Belly dancers opened for the band. They waved colored scarves, and shook, and smiled, and balanced candelabras on their heads. A smoke machine kept going off right in front of us, and everyone waved their hands to blow the smoke out of their faces. Someone in the crowd kept bouncing a balloon back and forth, until, after the third time it hit me in the head, I removed the balloon from circulation, and shoved it to the ground at my feet.
The band was comprised of beautiful men in black, shiny outfits who sang in Arabic, but who introduced every song in perfect English. The music was fantastic, and I fell slightly in love with the handsome violinist with his beard, and sleeveless shirt, and goofy smile. But it was the lead singer who evoked Freddy Mercury that amazed me. They were wonderfully talented, and though I didn’t understand the words, I felt it. Introducing a song called “Ghost,” the lead singer talked about Orlando, describing mass shootings as a particularly American phenomenon, and I felt ashamed and defensive.
We walked back to the hotel after the show. Through the well-behaved revelers, the throngs of rainbow colored denizens of Pride. Toronto boasts the biggest Gay Pride festival in North America, which cannot be disputed. But even though it is certainly large, Toronto is still distinctly Mid Western, and despite it’s diversity, suffers from the same watered-down blandness that Chicago Suffers from. There wasn’t the grit, the people cutting loose, that you might see in San Francisco, for instance. And I wondered if this is just the way of the world now. Gays are so mainstream that even Pride is just a watered down, unshocking version of what it once was. Or maybe I’m a middle-aged man suffering from a case of the back in my days.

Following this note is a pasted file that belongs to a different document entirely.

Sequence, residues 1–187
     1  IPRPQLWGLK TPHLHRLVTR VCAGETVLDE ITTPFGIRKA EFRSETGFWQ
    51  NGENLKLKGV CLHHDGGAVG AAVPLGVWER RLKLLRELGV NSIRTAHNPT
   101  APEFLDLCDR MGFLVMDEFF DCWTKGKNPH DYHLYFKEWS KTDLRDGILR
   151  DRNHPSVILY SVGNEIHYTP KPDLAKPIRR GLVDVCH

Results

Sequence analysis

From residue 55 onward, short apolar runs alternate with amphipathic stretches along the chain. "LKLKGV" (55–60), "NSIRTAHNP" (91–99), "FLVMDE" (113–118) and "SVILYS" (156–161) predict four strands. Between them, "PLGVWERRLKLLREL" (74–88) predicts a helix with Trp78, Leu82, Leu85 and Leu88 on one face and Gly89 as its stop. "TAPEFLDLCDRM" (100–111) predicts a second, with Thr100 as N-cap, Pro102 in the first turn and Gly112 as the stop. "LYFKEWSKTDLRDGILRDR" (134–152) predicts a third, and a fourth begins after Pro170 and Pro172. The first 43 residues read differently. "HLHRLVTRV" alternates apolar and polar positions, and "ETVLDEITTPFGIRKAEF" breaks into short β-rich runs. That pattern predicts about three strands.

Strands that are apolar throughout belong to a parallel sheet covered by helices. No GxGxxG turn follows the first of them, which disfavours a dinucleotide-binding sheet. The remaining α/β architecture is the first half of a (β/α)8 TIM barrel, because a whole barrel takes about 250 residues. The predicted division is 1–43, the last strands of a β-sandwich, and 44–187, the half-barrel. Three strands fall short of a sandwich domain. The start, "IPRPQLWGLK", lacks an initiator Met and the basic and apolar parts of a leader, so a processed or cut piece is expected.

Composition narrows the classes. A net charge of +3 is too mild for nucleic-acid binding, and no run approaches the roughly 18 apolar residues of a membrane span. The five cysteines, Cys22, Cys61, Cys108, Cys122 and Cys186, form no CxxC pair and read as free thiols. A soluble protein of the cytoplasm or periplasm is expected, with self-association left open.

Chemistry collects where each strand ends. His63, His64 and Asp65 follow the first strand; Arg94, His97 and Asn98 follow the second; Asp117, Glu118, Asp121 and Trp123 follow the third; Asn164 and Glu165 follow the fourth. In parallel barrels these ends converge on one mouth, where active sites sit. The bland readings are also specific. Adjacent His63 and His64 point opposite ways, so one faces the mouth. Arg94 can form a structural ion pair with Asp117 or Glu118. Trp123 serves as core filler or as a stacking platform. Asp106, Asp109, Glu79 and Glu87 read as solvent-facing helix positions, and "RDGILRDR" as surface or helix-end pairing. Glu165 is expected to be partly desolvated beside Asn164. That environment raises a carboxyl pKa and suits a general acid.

In the hotel, a deluxe suite much too big for the two of us, we spent another night unable to sleep, watching terrible, Canadian TV. No Forensic Files.
In the morning we had a nice enough Canadian breakfast at a restaurant called The Senator. We got sugary drinks from a Tim Hortons and walked down to the waterfront. This too was beautiful but boring, and after an hour, we walked back to the hotel, to get in our car and drive back to the states.
The drive back went much more smoothly than the drive there. The blonde, American customs officer was just as brusque as her Canadian counterpart. But she waved us through, and we were relieved when we got back to the familiarity of our own country, that despite its problems, and despite the fact that a disturbing number of it’s citizens are pro-gun conservative Neo-Nazis, was still our home, for better or for worse.
As we drove home there were early fireworks going off in the Chicago suburbs. Red, white, and blue lights flashing in the sky. My forehead lolling against the dusty window, the lights of the skyscrapers spread out hazily before us beneath a purple sky. C played Mashrou’ Leila on the stereo, and I sang along with words I didn’t understand in a language I didn’t speak, in a city, and a life I didn’t feel I really belonged to.
I may not ever write a novel. I may not ever live in a house by the sea. C and I may not grow old together. I don’t know what the future holds. But for the present, at least, I can look back at my life, now half-way over, and feel that maybe my mistakes haven’t been quite that bad, driving in a car, with good music, with a beautiful man beside me, and an open road ahead of us, pregnant with possibility.